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5 Tips to Help You Cope with the Bad Mom Days

What to do if you have a bad day as a new mom?

Tips to Help You Cope with the Bad Mom Days
Tips to Help You Cope with the Bad Mom Days

Mom Hack: The baby will always barf or pee on you when you least expect it. Don't chance it, cover-up. A great tip I learned from a fellow Mom: When changing the baby, make sure you place a new diaper under the soiled one before you take it off; that way if there is an accident, you can avoid having to change clothes and clean the changing table.

I have gone through the first months as a new mom with a relatively sunny disposition, but there were still days that are just plain crappy. Yesterday was that day. I was so exhausted I couldn't see straight, there was baby stuff everywhere, the dishes were piling up in the sink, I was hungry, I was thirsty, Adeline was cluster feeding (eating every 45 minutes) and had been bawling all day.

When I finally managed to get in the shower, I burst into tears, curled up in a little ball, and cried. Once I had stopped crying, I realized it was a much-needed escape from the crazy new emotions of motherhood. Who knew hiding in the shower could feel so good.

You may be thinking PPD, but I don't have postpartum depression according to the mandatory questionnaire they ask you at every follow-up Gyno/Pediatrics appointment.

How I was coping, did I feel like hurting the baby, are I able to take care of myself, are you able to take care of everyday tasks, etc.? I had passed. So, even though I was sobbing loud enough that my Husband could probably hear, I figured it's normal post-pregnancy emotions.

As an aside, my mother was deeply depressed, and I have always vowed not to follow in her footsteps despite knowing that she could not control her depression. Her depression sparked something in me and ultimately gave me the resilience to cope even when things got hard.

Here are six tips for you on how to push through those crappy days as a new mom.

1) Let yourself cry. I am a massive fan of the ugly cry. This is a crying session where you let it all out, and snot may drip down your nose, you can let yourself wail. Bang on the wall, kick something or scream fuck, fuck, fuck at the top of your lungs (don't wake the baby). The shower is the perfect place for this with the hot water beating down on you. Crying is so cathartic, and yesterday, I felt so much better after I came out of the shower.

2) Stop, take a look around at the madness and accept it for what it is. It's Chaos. I was so smug before becoming a mom. I thought I was going to be that mom who runs around in cute outfits with perfect hair, never looking tired or ragged. I tried to keep up with my eyelash extensions. I was looking forward to a manicure. I was going to have all the babies stuff organized and in one place. Now I know when you become a mom, your home is going to get messy, you can forget makeup, you will ask yourself when the last time you ate or washed your hair (especially true if you don't have a supportive family around). You can't do everything, so the best thing to do is accept the chaos and the mess and know that it will get cleaned up eventually.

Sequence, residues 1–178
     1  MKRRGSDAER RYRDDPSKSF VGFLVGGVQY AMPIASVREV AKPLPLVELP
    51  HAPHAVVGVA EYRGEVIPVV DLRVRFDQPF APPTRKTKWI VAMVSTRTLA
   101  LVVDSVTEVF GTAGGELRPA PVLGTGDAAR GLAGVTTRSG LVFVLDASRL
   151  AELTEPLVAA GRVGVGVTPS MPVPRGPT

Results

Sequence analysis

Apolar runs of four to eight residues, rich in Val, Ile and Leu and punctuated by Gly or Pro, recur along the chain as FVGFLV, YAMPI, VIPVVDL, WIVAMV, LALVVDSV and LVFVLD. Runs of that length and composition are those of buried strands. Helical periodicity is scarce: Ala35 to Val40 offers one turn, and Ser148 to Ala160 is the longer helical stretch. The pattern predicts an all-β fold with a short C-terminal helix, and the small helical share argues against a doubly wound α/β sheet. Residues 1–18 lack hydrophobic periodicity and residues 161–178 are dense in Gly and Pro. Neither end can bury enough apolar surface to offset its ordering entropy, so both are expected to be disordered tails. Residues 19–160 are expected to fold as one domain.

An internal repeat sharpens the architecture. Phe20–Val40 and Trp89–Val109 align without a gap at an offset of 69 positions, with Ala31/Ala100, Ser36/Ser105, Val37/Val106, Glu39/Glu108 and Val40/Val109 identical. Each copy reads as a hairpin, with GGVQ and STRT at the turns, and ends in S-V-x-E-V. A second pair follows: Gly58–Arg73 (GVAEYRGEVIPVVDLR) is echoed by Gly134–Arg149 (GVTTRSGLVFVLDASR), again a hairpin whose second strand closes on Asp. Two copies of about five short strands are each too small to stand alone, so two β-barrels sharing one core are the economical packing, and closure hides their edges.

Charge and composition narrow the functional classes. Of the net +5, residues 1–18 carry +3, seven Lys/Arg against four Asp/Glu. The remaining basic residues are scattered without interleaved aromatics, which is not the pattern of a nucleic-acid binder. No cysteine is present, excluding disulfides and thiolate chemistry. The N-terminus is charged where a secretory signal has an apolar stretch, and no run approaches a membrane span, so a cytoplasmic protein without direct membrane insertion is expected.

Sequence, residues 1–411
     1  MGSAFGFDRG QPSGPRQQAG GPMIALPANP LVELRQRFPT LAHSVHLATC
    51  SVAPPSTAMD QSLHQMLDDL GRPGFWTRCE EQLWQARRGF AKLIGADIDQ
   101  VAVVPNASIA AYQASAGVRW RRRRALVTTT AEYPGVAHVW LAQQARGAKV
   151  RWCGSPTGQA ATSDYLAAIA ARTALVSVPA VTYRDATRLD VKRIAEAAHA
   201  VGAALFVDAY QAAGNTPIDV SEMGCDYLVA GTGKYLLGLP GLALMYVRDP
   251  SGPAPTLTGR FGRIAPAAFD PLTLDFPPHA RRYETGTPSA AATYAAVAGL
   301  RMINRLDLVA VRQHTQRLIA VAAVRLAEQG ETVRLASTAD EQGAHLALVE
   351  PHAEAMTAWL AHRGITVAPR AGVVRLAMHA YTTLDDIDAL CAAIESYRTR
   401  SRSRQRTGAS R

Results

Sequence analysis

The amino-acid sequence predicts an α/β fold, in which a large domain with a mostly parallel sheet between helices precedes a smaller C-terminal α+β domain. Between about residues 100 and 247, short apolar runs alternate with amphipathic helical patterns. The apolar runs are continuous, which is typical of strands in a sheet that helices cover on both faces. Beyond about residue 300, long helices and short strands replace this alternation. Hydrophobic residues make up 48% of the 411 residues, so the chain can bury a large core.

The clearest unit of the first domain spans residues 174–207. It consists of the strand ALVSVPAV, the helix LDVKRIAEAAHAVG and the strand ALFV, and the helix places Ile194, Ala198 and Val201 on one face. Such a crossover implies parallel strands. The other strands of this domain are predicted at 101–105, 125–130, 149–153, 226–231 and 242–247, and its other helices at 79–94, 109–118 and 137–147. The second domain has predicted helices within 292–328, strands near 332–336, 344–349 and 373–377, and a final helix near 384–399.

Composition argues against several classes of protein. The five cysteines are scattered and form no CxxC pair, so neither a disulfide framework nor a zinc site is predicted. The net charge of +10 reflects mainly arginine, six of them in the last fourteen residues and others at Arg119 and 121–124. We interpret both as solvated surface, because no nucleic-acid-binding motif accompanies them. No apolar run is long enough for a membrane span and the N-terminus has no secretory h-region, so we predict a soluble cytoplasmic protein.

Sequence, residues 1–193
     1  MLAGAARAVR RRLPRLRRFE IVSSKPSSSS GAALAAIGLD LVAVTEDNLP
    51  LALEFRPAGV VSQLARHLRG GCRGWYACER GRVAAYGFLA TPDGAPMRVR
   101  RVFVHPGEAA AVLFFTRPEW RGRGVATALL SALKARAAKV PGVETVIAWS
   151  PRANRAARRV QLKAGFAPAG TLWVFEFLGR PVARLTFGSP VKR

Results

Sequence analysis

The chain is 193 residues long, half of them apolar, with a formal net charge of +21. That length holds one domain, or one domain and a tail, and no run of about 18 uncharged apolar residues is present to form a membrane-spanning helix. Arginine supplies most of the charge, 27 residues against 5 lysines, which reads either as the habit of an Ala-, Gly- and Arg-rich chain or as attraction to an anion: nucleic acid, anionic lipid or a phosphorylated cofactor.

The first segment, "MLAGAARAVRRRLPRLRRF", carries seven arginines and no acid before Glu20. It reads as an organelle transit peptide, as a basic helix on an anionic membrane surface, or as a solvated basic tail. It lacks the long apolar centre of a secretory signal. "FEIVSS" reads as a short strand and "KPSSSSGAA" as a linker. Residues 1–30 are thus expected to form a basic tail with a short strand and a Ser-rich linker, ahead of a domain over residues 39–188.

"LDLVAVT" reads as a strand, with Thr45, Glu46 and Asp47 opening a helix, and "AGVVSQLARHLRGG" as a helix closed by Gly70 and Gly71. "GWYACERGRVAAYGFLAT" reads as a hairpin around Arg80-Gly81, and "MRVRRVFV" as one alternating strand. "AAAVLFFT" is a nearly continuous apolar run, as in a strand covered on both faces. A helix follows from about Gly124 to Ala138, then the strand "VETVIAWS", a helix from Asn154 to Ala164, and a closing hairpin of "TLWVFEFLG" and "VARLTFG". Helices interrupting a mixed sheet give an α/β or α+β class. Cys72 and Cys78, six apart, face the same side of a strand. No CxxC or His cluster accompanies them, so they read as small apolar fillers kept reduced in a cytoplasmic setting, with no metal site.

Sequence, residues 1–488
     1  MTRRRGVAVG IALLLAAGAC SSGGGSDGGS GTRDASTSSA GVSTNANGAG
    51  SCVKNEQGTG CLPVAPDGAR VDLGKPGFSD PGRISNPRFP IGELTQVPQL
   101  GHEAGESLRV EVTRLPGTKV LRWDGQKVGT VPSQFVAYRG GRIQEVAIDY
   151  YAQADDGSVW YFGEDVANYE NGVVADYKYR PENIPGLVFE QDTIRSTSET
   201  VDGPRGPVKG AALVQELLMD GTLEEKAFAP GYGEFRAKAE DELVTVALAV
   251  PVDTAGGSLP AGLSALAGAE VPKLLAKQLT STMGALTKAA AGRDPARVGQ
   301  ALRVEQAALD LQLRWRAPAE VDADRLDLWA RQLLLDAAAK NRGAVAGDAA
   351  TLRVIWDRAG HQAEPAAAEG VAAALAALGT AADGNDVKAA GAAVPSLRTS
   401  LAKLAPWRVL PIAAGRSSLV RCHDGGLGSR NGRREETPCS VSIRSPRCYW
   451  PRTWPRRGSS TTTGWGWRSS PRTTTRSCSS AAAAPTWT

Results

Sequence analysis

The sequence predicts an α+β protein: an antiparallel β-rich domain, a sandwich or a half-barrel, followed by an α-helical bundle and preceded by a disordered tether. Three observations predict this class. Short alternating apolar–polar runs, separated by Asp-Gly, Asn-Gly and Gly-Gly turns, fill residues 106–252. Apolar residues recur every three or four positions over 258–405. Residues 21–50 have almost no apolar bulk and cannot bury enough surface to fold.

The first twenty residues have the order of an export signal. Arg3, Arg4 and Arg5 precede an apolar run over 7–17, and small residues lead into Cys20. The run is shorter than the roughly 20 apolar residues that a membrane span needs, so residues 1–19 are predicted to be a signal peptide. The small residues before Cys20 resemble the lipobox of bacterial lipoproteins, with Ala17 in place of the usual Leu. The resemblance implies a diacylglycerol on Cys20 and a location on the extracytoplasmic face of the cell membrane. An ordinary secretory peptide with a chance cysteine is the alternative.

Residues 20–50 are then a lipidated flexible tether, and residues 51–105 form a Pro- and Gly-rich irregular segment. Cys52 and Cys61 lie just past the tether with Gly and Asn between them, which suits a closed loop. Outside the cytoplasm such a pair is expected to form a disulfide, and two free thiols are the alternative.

3) Know that it does get better. I went to Tar-jay the other day, and I saw a couple with a 2-week old baby that was screaming, and they were frantically trying to calm her while trying to find something on the shelf. My breasts started leaking, of course, and I wanted to run over and help them (but I didn't, my husband would be proud - he says I meddle too much in strangers' lives). Anyway, I had Adeline with me who was 6-weeks old at the time, and I felt a sense of nostalgia. Adeline was happily looking around, and I was calm. Andrew and I had so many late-night Target runs and trips to the Pediatrician, but now we are a lot more confident about what we were doing. We had transitioned. We were getting a little more sleep, we were better understanding Adeline's cries, and it was easier!

4) Try a 15-minute cleaning blitz. My house is a disaster zone, and I have reached my limit. If you are also looking around feeling like a bomb has gone off, try a 15-minute cleaning blitz. Either pick one task to do, like the dishes, throw clothes in the laundry, or even make your bed, but stay focused. Mommy Brain is real! I find myself trying to clean and getting distracted. I end up leaving a half-eaten piece of toast on the counter or throwing a baby bib in a corner on the floor, and the other day I found a coffee mug in the bathroom. Since we have so much more stuff in our house, it's easy to feel cluttered, and the best solution to tidying up is to run around picking up as many things as you can (burp cloths, baby socks, diaper, toys, breast pump), whatever I can fit in my hand and then I have to find the proper place for it. When my hands are empty, I have made some progress and can celebrate the fact that I have a little bit of control back in my day

5) Accept that you can't do everything, and you are still a supermom. With motherhood, there is always a trade-off. What you choose to do with your few minutes of downtime means that all those other things you want to do can't get done. When you have a small window of time, you always have to decide what to sacrifice. Bathroom vs. Shower vs. Eat vs. Laundry vs. Clothes that aren't leggings, etc., etc., etc. Whatever you chose to do, pick whatever gives you the most relief first, whether that is crying in the shower, browsing Instagram, or taking a nap. Through all the hormones, body changes, lack of sleep, lack of food, of course, it's impossible to keep it together all the time. Honestly, if I can take care of the baby and even manage to shove some food in my mouth every day, I feel like a supermom.


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